Product Description One million cells in our bodies die every second--they commit suicide by a mechanism known as apoptosis. Apoptosis is essential for survival of the body as a whole and has critical roles in various developmental processes and the immune system.In Cell Death, Douglas Green provides a clear and comprehensive view of apoptosis and other cell death mechanisms. Taking a bottom-up approach, he starts with the enzymes that perform the execution process (a family of proteases termed caspases) and examines their cellular targets and the ways in which they are activated. He then looks at the molecular machinery that links signals that cause cell death to caspases, emphasizing the importance of the BCL-2 family of proteins and the role of cytochrome c released from mitochondria. The final stage of the process, phagocytic removal of dead or dying cells, is also covered.Green outlines the roles of apoptosis and death mechanisms such as necrosis in embryogenesis, neuronal selection, and the development of self-tolerance in the immune system. In addition, he explains how cell death defends the body against cancer and traces the evolutionary origins of the apoptosis machinery back over a billion years. This new edition contains critical new information on recent exciting advances in the field, such as new forms for cell death and important insights into the mechanisms and control of apoptosis. The book is thus of great use to all biologists interested in how cells function in the context of multicellular organisms and will appeal to everyone from undergraduates encountering the topic for the first time to researchers actively working in the field.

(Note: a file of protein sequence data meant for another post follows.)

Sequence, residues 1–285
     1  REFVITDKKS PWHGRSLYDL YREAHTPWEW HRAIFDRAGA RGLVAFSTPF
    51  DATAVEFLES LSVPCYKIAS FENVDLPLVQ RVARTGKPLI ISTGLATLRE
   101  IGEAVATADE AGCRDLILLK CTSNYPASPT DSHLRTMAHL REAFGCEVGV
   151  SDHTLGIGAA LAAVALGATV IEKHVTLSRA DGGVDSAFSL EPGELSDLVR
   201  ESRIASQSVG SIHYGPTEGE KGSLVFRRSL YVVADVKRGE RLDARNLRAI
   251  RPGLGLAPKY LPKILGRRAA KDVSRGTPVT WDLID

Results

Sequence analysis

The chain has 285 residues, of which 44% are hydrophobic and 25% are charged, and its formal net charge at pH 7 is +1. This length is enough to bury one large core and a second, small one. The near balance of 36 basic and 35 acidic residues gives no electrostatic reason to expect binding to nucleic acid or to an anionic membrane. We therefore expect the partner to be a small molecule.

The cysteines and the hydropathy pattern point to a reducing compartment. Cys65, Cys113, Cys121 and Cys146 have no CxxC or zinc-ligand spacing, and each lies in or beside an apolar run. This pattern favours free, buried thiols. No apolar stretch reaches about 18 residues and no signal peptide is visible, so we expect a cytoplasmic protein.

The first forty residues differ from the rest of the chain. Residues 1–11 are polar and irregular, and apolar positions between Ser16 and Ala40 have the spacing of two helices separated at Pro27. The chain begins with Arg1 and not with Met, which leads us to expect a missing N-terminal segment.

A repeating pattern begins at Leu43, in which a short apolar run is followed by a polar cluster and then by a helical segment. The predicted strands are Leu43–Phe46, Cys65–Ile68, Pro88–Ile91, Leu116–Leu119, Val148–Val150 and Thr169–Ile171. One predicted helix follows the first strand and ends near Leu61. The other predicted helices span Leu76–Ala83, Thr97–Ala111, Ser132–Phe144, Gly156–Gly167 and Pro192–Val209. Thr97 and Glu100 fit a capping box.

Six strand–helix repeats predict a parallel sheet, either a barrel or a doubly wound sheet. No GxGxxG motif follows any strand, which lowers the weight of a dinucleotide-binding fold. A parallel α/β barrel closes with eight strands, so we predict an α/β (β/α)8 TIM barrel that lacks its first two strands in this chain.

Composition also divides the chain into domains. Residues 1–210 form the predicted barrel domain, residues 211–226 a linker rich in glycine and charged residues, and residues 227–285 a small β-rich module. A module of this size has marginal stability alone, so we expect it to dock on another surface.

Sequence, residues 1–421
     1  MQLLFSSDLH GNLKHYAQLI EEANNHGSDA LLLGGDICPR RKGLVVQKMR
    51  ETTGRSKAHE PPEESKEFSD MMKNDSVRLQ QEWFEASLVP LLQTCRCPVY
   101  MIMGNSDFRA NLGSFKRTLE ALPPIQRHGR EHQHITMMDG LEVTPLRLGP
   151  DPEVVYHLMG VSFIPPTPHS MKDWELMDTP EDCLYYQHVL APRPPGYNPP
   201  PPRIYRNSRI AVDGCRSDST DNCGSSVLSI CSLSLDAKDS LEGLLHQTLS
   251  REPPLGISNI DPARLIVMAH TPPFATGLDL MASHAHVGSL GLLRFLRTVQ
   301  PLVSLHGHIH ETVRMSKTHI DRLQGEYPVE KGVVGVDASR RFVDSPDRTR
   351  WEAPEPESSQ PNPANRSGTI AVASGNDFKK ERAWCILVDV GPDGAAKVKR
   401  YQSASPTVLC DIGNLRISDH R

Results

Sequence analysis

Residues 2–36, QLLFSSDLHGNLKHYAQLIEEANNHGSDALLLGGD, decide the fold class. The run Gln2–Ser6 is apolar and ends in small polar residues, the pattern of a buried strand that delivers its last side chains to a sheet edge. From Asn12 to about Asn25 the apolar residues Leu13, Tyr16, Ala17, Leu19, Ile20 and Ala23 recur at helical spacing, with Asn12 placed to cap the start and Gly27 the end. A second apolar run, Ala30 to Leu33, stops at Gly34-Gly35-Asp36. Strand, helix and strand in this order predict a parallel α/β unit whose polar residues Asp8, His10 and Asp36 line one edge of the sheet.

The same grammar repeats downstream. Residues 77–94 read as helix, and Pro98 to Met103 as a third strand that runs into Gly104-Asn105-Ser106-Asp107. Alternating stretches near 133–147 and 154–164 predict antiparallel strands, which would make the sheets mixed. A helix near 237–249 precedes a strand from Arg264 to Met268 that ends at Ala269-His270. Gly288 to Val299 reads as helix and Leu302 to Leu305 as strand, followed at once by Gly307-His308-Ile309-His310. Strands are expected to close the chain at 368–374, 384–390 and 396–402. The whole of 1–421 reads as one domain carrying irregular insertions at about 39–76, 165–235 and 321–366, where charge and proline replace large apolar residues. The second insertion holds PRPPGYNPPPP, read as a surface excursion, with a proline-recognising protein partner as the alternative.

Best Science Podcasts 2018
We have hand picked the best science podcasts for 2018. Sit back and enjoy new science podcasts updated daily from your favorite science news services and scientists.
The Right To Speak Should all speech, even the most offensive, be allowed on college campuses? And is hearing from those we deeply disagree with ... worth it? This hour, TED speakers explore the debate over free speech. Guests include recent college graduate Zachary Wood, political scientist Jeffrey Howard, novelist Elif Shafak, and journalist and author James Kirchick.
#486 Volcanoes This week we're talking volcanoes. Because there are few things that fascinate us more than the amazing, unstoppable power of an erupting volcano. First, Jessica Johnson takes us through the latest activity from the Kilauea volcano in Hawaii to help us understand what's happening with this headline-grabbing volcano. And Janine Krippner joins us to highlight some of the lesser-known volcanoes that can be found in the USA, the different kinds of eruptions we might one day see at them, and how damaging they have the potential to be. Related links: Kilauea status report at USGS A beginner's guide to Hawaii's otherworldly...